Australian Dictionary of Biography

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Margaret Holmes (1886–1981)

by Renate Howe

This article was published:

Margaret Holmes (1886-1981), lay religious leader and welfare worker, was born on 8 March 1886 at Prahran, Melbourne, fourth surviving child and only daughter of English-born parents Charles Morell Holmes, accountant, and his wife Margaret, née Byers. The family belonged to the Congregational Church; its tolerant theology and commitment to women’s education were fundamental to Holmes’s career. After matriculating from Tintern Ladies’ College, she enrolled in 1905 at the University of Melbourne (BA, 1909; MA, 1911; Dip.Ed., 1911). There she was an active member of the Australasian Student Christian Union, becoming president of the women’s branch in 1907. After graduating in classics she taught briefly at Tintern then continued her university studies.

Faced with staff shortages during World War I, the ASCU (from 1930 the Australian Student Christian Movement) invited Holmes to become part-time general secretary. Based at the Melbourne office, she helped guide the movement through the turmoil of war and postwar adjustment until 1922. After a brief period on the staff of the Associated Teachers’ Training Institute (later Mercer Hall) Holmes returned to the ASCU. From 1924 to 1945 she served as the efficient and effective head-quarters secretary (executive officer) for this vast non-denominational organisation with branches in Australian universities, colleges and schools. Committed to the ASCM’s liberal, social and ecumenical theology, she participated in the preparation of study books for its large annual national conferences, and co-edited the ASCM journal, Australian Intercollegian, a forum for intellectual theological discussion. Although family responsibilities restricted her ability to travel, she was a consummate and assiduous letter writer, binding the ASCM together and strengthening its extensive and influential networks.

In the challenging decade of the 1930s Holmes, with others in the ASCM, was involved in the League of Nations’ Union in Melbourne; she assisted in the organisation of the 1937 Australian Peace Conference. On the executive, from 1928, of the World Student Christian Federation, with which the ASCM was affiliated, and vice-chairman in 1933-41, she strove to bring international issues before Australian students through conferences, articles and overseas visitors.

During World War II, Holmes began a new career in refugee work. She had helped Constance Duncan to establish the Victorian International Refugee Emergency Committee in 1938-39, and in 1940, because of her contacts with the WSCF, she was asked to look after the interests of internees (mostly Jewish refugees from Nazi Germany) transported from Britain in the Dunera. The ASCM made arrangements for the `Dunera boys’ to take university courses and, as they were released from detention camps, assisted with resettlement. Holmes’s unstinting support and advocacy resulted in enduring friendships. In 1945-49 she was Australian secretary for World Student Relief.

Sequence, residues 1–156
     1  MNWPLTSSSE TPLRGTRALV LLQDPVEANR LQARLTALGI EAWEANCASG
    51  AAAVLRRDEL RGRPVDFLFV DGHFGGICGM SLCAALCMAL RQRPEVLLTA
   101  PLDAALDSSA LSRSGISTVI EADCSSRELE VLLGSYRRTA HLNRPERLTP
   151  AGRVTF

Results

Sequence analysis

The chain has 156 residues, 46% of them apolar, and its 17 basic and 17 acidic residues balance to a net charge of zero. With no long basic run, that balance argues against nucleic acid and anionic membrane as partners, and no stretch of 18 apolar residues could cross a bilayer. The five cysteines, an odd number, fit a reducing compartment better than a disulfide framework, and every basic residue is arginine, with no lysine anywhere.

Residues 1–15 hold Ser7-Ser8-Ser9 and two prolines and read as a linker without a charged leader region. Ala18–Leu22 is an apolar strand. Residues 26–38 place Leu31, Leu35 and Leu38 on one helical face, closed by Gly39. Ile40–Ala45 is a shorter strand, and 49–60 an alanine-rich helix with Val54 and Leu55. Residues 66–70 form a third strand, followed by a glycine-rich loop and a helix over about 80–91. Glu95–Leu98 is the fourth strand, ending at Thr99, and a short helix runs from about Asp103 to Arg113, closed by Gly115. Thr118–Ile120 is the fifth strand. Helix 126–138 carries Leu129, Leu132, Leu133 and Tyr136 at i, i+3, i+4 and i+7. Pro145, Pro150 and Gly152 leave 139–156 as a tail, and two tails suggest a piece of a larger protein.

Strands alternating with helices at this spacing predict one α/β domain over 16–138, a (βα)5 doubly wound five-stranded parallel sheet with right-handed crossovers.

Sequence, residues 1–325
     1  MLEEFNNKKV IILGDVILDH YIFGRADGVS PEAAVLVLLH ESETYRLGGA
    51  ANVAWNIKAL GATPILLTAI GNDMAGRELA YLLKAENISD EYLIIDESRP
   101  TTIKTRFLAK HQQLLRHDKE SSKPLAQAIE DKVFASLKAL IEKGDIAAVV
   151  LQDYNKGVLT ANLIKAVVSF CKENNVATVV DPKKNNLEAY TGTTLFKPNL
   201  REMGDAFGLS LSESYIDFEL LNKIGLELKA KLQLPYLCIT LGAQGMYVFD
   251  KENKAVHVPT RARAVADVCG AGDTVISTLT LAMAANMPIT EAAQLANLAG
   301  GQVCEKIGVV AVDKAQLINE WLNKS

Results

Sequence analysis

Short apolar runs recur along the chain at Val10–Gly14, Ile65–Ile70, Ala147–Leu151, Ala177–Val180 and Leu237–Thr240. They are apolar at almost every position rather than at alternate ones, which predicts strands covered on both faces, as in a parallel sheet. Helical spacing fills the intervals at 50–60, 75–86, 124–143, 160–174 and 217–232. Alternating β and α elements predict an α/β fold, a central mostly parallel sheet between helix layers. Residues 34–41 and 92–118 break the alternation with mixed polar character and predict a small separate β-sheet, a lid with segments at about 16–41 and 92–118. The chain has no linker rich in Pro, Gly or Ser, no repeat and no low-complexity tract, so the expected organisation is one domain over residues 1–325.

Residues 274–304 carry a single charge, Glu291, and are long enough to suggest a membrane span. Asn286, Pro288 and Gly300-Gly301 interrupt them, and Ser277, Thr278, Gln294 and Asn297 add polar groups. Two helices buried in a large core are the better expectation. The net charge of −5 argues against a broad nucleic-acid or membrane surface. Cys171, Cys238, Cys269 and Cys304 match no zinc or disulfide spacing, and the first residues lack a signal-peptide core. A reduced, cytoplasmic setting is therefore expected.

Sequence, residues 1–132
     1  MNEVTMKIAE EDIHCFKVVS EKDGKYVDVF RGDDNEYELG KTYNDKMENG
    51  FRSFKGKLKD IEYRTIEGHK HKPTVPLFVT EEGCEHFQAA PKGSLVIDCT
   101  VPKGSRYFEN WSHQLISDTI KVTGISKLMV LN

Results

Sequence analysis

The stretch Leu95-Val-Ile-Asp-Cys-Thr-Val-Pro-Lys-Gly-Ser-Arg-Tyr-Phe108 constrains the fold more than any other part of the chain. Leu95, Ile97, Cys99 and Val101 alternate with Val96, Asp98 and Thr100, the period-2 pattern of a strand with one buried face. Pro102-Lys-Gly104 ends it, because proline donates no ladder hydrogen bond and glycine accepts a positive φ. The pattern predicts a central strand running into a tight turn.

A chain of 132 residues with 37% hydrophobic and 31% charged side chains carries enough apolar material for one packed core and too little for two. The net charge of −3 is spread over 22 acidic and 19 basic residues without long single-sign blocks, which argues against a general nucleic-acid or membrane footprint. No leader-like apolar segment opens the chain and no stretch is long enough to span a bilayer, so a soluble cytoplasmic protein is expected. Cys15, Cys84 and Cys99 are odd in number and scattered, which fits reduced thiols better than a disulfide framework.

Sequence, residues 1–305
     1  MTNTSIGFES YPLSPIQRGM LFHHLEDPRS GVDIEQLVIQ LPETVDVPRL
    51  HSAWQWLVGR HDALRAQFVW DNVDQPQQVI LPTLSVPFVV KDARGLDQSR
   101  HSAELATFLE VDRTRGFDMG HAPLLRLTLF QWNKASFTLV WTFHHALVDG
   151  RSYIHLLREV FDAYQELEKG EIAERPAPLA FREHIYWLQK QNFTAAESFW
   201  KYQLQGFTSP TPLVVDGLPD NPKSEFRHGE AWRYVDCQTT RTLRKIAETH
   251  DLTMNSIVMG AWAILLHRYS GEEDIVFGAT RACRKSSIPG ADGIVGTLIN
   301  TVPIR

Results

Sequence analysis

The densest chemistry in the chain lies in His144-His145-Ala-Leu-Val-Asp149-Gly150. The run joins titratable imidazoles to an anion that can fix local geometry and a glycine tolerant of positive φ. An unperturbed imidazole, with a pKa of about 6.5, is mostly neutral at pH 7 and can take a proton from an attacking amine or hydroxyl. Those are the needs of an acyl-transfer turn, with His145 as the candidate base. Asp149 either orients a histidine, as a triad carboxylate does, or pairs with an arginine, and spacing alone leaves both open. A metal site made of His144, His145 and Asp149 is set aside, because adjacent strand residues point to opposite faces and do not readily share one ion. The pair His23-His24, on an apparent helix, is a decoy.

After retiring from the ASCM, Holmes travelled abroad to attend conferences in Britain, Europe and North America. In 1951 she was appointed executive officer of a new resettlement department (later the Ecumenical Refugee Agency) of the Australian Council of Churches. Initially operating from her Kew home, it assisted thousands of migrants to Australia, mostly `displaced persons’ who did not qualify for the mass migration program. Holmes worked closely with immigration ministers, especially Arthur Calwell, in pioneering Australia’s postwar migration. Her work was a major contribution to human rights and a great achievement in the xenophobic Australia of the period. She was appointed MBE in 1958.

Margaret Holmes never married. She was a modest woman but firm, focused and a meticulous organiser. Her significant contribution was shaped by the ASCM’s liberal theology, international vision and enlightened attitudes to women. At the heart of her life of public service were intense inner strength, belief in and care for the individual, and a broad non-sectarian view of Christianity. Retiring to Deepdene in 1962 she coached migrants in English, maintained her wide correspondence, gardened, read, enjoyed symphony concerts and attended the Collins Street Independent Church. She died on 13 April 1981 at Brighton and was cremated.

Select Bibliography

  • S. Willis, Women, Faith & Fetes (1977)
  • P. R. Bartrop and G. Eisen (eds), The Dunera Affair (1990)
  • F. Engel, Christians in Australia (1993)
  • Australian Intercollegian, 1 Mar 1949, p 6
  • Sydney Morning Herald, 15 Feb 1951, p 4, 1 Jan 1958, p 4
  • Holmes papers (National Library of Australia).

Citation details

Renate Howe, 'Holmes, Margaret (1886–1981)', Australian Dictionary of Biography, National Centre of Biography, Australian National University,, published first in hardcopy 2007, accessed online 15 July 2024.

This article was published in hardcopy in Australian Dictionary of Biography, Volume 17, (Melbourne University Press), 2007

View the front pages for Volume 17

© Copyright Australian Dictionary of Biography, 2006-2024

Life Summary [details]


8 March, 1886
Prahran, Melbourne, Victoria, Australia


13 April, 1981 (aged 95)
Brighton, Melbourne, Victoria, Australia

Cultural Heritage

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Religious Influence

Includes the religion in which subjects were raised, have chosen themselves, attendance at religious schools and/or religious funeral rites; Atheism and Agnosticism have been included.